Cake baking is not difficult, but it requires some organization and forethought. While the steps for making a cake vary considerably depending on the type, you’ll want to do the following before attempting any recipe:
1. Read Through the Recipe
This sounds obvious, but cakes in particular have certain requirements, such as the temperature of ingredients, that cannot be altered. You don’t want to realize too late that the butter you just mixed with sugar was supposed to be softened.
2. Assemble Ingredients and Ensure Their Correct Temperature
Get all of your ingredients and equipment out on the counter before you begin and make sure they’re at the proper temperature. This is especially important for butter and eggs: Soft butter makes for a smooth batter and a lofty cake, and room-temperature eggs keep the batter’s temperature consistent.
To soften butter, leave it out for several hours; it should offer no resistance when you press on it. Or, you can hurry the process using a microwave: Cut the butter into 1/2-inch cubes, arrange them in a single layer on a microwave-safe plate, then microwave on high for 3 seconds at a time, testing in between, until the butter is softened but not melted.
3. Preheat the Oven
Before preparing the batter, your oven should be at the correct temperature. A batter will not react properly to heat if it sits at room temperature for 10 minutes waiting for the oven to heat. Nor will it rise properly if the oven continues to warm up after the pan has been placed in it. Avoid burning your cake by setting a rack in the middle of the oven for cake layers or in the lower third for a tube cake so that the top of the pan is not too close to the top of the oven.
4. Prepare Your Equipment
To ensure that your finished cake has the right shape, it’s important to make sure that it will come out of the pan in one piece. The most common way to do this is to coat the pan with butter, but the specifics may vary depending on the type of cake. For cake layers in general, you coat the inside of the pan with very soft but not melted butter using a brush. Follow that with a disk of parchment paper cut to the size of the inside of the pan. For a butter cake baked in aBundt pan, coat with soft butter, and then coat the buttered surface with fine, dry bread crumbs, tapping the inverted pan to dislodge any excess. Follow with a quick coat of vegetable cooking spray for a guarantee that the cake won’t stick. Line a rectangular or square pan with foil by molding the foil first on the back of the pan, then pressing it into the pan. Butter the foil. This makes it easy to lift a cake that you don’t want to invert, such as a crumb cake, right out of the pan.
In this video, you’ll see one method of preparing cake pans to avoid sticking.
5. Prepare the Batter
Instructions will vary depending on the type of cake: For butter cakes, the ingredients will typically be combined using the creaming method; for sponge cakes the eggs will generally be beaten, then folded in. For the proper texture, be sure to follow the instructions closely, and then pour the batter into the pan or pans and bake.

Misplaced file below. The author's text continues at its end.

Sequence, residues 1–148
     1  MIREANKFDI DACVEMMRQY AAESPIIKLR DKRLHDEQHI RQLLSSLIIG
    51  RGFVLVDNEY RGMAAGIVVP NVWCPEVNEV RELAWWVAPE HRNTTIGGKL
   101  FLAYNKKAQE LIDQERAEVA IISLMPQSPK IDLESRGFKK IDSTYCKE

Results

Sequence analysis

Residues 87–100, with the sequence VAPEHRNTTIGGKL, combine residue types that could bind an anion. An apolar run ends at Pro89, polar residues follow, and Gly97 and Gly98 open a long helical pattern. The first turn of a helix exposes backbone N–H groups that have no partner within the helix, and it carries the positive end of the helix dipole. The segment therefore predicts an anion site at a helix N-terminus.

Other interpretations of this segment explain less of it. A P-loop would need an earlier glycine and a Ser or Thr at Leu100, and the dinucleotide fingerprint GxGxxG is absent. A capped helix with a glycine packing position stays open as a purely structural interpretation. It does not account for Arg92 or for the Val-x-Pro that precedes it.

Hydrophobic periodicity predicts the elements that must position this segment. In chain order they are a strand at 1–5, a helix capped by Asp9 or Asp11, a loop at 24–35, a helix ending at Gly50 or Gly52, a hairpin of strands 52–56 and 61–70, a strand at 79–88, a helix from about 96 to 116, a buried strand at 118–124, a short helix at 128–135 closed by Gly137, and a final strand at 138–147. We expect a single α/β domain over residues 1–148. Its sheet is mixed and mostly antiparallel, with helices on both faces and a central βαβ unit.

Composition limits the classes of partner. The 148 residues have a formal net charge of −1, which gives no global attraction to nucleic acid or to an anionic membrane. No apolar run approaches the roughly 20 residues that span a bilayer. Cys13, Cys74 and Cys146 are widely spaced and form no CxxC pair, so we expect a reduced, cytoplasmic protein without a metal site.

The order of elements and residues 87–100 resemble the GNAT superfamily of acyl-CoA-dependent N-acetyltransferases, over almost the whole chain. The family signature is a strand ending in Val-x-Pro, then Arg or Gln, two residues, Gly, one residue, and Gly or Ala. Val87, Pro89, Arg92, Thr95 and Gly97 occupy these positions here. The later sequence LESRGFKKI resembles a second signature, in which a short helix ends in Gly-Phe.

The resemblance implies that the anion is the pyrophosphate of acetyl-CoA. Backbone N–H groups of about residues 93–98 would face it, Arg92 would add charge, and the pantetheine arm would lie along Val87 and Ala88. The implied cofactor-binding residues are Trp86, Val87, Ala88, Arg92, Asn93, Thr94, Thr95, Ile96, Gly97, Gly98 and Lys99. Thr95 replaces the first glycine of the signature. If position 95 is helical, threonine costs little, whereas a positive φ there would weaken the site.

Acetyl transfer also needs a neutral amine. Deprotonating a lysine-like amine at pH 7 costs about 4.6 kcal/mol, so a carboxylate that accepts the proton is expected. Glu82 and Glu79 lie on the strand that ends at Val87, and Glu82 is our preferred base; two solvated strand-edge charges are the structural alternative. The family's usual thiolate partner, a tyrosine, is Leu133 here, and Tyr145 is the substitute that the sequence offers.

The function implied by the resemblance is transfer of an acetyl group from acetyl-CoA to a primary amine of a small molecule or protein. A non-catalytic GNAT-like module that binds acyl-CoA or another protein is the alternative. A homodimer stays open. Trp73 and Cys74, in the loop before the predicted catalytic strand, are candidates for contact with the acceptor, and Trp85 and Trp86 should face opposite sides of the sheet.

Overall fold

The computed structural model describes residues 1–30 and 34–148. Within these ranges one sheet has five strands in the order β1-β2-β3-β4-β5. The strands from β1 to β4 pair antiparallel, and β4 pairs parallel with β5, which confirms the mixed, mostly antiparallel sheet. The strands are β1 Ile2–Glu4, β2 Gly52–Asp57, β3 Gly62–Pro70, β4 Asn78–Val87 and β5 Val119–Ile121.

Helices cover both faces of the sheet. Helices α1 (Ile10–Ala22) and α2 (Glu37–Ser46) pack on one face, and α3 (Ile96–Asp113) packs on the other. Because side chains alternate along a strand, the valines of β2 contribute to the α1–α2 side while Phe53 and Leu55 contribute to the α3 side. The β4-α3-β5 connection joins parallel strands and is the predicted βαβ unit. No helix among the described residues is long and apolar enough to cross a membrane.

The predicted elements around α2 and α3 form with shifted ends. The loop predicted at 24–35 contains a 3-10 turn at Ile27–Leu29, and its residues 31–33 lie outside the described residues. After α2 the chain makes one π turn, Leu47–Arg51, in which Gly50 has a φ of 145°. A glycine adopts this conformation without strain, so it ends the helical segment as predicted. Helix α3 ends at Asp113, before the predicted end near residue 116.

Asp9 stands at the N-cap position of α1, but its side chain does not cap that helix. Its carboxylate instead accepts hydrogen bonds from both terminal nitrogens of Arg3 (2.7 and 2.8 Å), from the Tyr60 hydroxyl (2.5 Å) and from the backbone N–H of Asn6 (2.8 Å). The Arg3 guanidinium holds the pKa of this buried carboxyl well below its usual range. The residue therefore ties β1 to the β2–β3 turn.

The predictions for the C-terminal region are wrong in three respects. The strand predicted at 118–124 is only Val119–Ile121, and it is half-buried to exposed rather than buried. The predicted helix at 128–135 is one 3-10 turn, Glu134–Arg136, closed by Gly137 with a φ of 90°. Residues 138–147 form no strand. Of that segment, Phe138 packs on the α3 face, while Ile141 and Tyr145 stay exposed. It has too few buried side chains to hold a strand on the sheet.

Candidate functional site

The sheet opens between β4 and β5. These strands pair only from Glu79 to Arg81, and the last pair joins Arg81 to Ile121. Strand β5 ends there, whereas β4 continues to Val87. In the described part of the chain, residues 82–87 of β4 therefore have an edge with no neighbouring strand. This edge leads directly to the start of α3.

See our videos on preparing various kinds of cake batter:
Learn how to cream together butter and sugar to form the proper texture for butter cakes.
Learn how to beat egg whites to incorporate the air that will leaven a sponge cake.
Learn how to fold in beaten eggs to avoid deflating a sponge cake batter.
6. Test for Doneness
To test a cake, plunge a thin knife or cake tester into the center (or halfway between the side and the tube if using a tube pan). When a cake is finished, you will find a few crumbs sticking to the knife or tester when you withdraw it. If the cake is not ready yet, there will be wet batter on the knife or tester.
7. Cool the Cake
Most cakes are cooled on a metal rack for even air circulation. A recipe will indicate whether the cake should be cooled in the pan or unmolded immediately. Follow instructions carefully—leaving certain types of cakes in the pan for too long may cause them to stick. Angel food cakes and chiffon cakes need to cool suspended upside down in their tube pans or they will deflate and look squashed and unappealing when you cut them. Invert the pan over several inverted ramekins so that the edges of the pan are supported by them. It is best to figure out the system for doing this before you begin baking the cake by testing the empty pan over the ramekins to make sure your system will be stable.
8. Unmold the Cake
When you are ready, gently run a sharp, thin knife between the edge of the pan and the cake. Then invert a rack or platter (as indicated in the recipe) over the top of the pan. Turn the pan over and lift it off the cake. You may be asked to finish cooling the cake upside down or instructed to turn it right side up again. Be sure to follow instructions, as each type of cake cools best in a different way.
9. “Finish” the Cake
As described in the section on fillings, frostings, and glazes, options for finishing a cake are numerous. Some varieties, such as pound cakes and crumb cakes, are finished already when they come out of the oven and don’t need any embellishment at all. For others, a simple dusting of powdered sugar or quick brush with a glaze may be all that’s required. And some cakes, such as European-style layer cakes, can be filled with multiple fillings, frosted with a different frosting or glaze, and then adorned with elaborate decorations, such as piped buttercream or marzipan crafted into roses and leaves.
See our videos on ways to finish a butter layer cake: